Move On Hay

Prices are setting records and could go higher to compete with corn.

If you need to buy acre you might want to buy sooner than later, and if you grow hay you might want to sign up before the Sept. 30 crop insurance deadline passes, says Matt Diersen, SDSU Extension economist.

"We didn't have the typical seasonal declines that would normally happen in August and September," says Diersen. "We've had above-average yields for hay production at the state level, and that usually means prices will decline. But that wasn't the case."

Hay acres were below average in South Dakota in 2007, Diersen said, and since most of the other commodities are being traded at relatively high levels, it might mean the same thing for hay.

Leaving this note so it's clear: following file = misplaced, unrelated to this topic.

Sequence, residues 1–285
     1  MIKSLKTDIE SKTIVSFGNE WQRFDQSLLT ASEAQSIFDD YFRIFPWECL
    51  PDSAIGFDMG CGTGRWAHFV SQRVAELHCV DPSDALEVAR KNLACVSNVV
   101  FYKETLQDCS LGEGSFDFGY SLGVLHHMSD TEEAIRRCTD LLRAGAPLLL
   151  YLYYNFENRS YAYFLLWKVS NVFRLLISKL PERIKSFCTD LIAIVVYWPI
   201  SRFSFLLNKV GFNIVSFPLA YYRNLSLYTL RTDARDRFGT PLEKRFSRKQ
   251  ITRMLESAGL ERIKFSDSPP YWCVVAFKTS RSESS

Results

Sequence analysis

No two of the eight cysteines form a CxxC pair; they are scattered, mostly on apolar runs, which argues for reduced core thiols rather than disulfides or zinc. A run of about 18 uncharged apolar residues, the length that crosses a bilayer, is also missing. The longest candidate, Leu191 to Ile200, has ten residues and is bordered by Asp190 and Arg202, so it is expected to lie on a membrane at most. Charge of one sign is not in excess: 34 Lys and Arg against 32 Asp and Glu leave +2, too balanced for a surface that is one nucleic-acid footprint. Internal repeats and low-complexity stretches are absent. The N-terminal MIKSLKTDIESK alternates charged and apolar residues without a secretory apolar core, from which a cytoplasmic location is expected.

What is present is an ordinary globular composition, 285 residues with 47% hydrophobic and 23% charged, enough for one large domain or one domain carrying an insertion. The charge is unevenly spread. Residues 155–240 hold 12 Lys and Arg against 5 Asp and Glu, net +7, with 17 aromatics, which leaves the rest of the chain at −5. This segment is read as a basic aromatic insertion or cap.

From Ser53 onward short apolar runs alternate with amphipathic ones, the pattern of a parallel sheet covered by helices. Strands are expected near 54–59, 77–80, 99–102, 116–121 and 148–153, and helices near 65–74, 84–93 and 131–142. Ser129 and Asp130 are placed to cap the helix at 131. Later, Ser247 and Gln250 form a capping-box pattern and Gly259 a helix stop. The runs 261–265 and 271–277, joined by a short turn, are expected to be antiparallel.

"The prices for both alfalfa and other types of hay either need to remain high because of competition, more or less to buy more acres," he said. "Or we'll see some acres drop out of hay production and shift to other crops."

Without any other fundamental news, producers on the demand side of things might want to purchase now, since price declines are unlikely, Diersen said.

"On the supply side of things, we're coming up on the crop insurance purchase deadline on Sept. 30," he said. "That insurance may be helpful; its only drawback is that the price level it offers tends to be less that the current market levels we're seeing now."

Source: SDSU AgBio Communications

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